For Dogs, the Desert Is Dessert

For Dogs, the Desert Is Dessert

Merle on the South Lykken Trail - Palm Springs <br/> Photo Credit: @mrsamandahock
Merle on the South Lykken Trail - Palm Springs
Photo Credit: @mrsamandahock

On a crisp fall or winter day in the desert, crystal-clear air is a tonic for the soul. It’s the perfect time of year to hike or camp, and the Greater Palm Springs Region, comprised of nine cities spread across the Coachella Valley, features hikes of all levels for dog parents and their pups. It also makes a prime base camp for exploring the larger Desert Region of California that cuts through five Southern California counties and encompasses millions of acres of public lands.

For a fun and educational activity you can enjoy with your four-legged friend, head to Moorten Botanical Garden, where the two of you can stroll around a “living museum of desert lore” and admire more than 3,000 desert plants plus dinosaur fossils and petrified trees. The Palm Springs Museum Trail, rising above the Palm Springs Art Museum, tempts seasoned hikers with a 1.5 mile climb to a summit offering sweeping views of the Coachella Valley.

Another moderate-grade trail that intersects with the Museum Trail is the North Lykken Trail. The other option is the South Lykken Trail, providing excellent views into Tahquitz Canyon. And local favorites don’t stop there: the Whitewater Canyon Loop Trail is rated easy but gets you up close and personal with desert landscapes, while the Homestead Trail rewards with sweeping views of the Coachella Valley as you trek to a lighted cross on top of a hill.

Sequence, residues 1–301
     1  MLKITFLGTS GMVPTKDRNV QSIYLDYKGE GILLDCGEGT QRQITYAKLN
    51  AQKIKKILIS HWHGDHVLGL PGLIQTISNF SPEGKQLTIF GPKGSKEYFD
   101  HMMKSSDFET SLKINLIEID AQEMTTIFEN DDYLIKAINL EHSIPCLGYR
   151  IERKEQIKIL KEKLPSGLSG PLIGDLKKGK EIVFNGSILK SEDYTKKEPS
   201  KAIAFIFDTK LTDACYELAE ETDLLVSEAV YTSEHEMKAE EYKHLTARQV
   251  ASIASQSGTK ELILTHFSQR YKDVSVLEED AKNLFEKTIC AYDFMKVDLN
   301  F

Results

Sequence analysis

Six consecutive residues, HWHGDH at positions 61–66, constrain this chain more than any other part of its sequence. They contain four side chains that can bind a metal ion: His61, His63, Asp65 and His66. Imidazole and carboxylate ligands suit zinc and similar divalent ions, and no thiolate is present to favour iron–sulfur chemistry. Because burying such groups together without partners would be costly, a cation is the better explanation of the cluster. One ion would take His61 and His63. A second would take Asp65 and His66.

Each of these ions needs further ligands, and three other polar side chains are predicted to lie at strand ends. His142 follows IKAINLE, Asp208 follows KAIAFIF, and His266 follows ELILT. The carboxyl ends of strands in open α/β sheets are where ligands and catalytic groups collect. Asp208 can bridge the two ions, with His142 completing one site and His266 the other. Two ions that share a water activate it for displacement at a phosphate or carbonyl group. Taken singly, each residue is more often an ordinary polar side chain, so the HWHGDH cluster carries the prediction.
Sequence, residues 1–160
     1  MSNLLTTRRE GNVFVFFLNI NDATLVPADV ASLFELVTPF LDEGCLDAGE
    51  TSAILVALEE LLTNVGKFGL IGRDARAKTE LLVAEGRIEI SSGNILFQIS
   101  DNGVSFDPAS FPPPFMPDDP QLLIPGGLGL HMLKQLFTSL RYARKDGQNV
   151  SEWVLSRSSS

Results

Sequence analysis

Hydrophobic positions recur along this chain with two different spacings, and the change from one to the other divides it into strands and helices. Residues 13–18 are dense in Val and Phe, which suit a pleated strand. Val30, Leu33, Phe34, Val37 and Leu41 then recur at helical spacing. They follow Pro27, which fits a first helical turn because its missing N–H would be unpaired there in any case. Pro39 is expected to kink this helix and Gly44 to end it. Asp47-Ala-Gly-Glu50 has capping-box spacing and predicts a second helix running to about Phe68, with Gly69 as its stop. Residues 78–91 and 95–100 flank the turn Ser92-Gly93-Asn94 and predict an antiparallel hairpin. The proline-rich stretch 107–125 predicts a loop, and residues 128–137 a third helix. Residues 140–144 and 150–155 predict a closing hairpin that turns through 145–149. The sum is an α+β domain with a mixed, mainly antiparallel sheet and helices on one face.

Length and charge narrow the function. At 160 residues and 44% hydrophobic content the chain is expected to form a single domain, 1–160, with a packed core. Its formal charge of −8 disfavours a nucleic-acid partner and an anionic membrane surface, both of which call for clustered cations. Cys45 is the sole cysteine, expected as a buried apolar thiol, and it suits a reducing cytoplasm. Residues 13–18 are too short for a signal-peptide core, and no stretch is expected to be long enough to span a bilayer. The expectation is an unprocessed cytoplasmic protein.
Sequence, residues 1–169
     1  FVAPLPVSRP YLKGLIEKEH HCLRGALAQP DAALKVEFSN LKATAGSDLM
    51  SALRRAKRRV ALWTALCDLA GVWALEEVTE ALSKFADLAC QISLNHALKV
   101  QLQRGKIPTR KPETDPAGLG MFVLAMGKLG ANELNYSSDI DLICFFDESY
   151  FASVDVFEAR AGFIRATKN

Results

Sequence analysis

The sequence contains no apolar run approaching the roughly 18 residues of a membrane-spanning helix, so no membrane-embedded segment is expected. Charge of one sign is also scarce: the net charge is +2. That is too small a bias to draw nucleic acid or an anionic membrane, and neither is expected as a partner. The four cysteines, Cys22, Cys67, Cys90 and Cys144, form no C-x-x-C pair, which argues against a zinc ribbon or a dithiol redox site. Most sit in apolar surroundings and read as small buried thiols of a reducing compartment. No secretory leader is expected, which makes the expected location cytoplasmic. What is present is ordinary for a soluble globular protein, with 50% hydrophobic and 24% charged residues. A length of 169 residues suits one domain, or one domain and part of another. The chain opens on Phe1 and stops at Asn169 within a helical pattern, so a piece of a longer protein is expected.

Want to explore a little farther afield? Pick a mountain range – the San Jacintos, Santa Rosas, Orocopias, Mecca Hills – and pack lots of water for both you and your dog; you’ll need it in this dry, wide-open environment. Pack a leash, too, for times you’ll encounter other people, dogs, livestock, mountain bikers or wildlife that could cause conflicts in the outback.

The San Jacinto Mountains, accessed out of Idyllwild, are part of the San Bernardino National Forest. Send off for a map or get one from REI before you set out, as your iPhone GPS is not likely to work this far out in the boonies.

A good introductory, family-friendly hike is the 5.2-mile (round-trip) Ernie Maxwell Scenic Trail, which doesn’t require a lot of climbing. Most of the path leads through a conifer forest, where you can practice your identification skills. The premier hike in the area is Devil’s Slide to Tahquitz Peak, a more difficult, 8.4-mile round-trip trek so popular that permits are limited on weekends and holidays. The trail leads from Idyllwild’s Humber Park on a forested, uphill trajectory to a saddle at 2.5 miles. Take a right from there, and you’ll be headed for the summit. Views open up gradually until you find yourself in a granite landscape with panoramic views to forever.

Photo Credit: @mrsamandahock

Posted on: October 12, 2017

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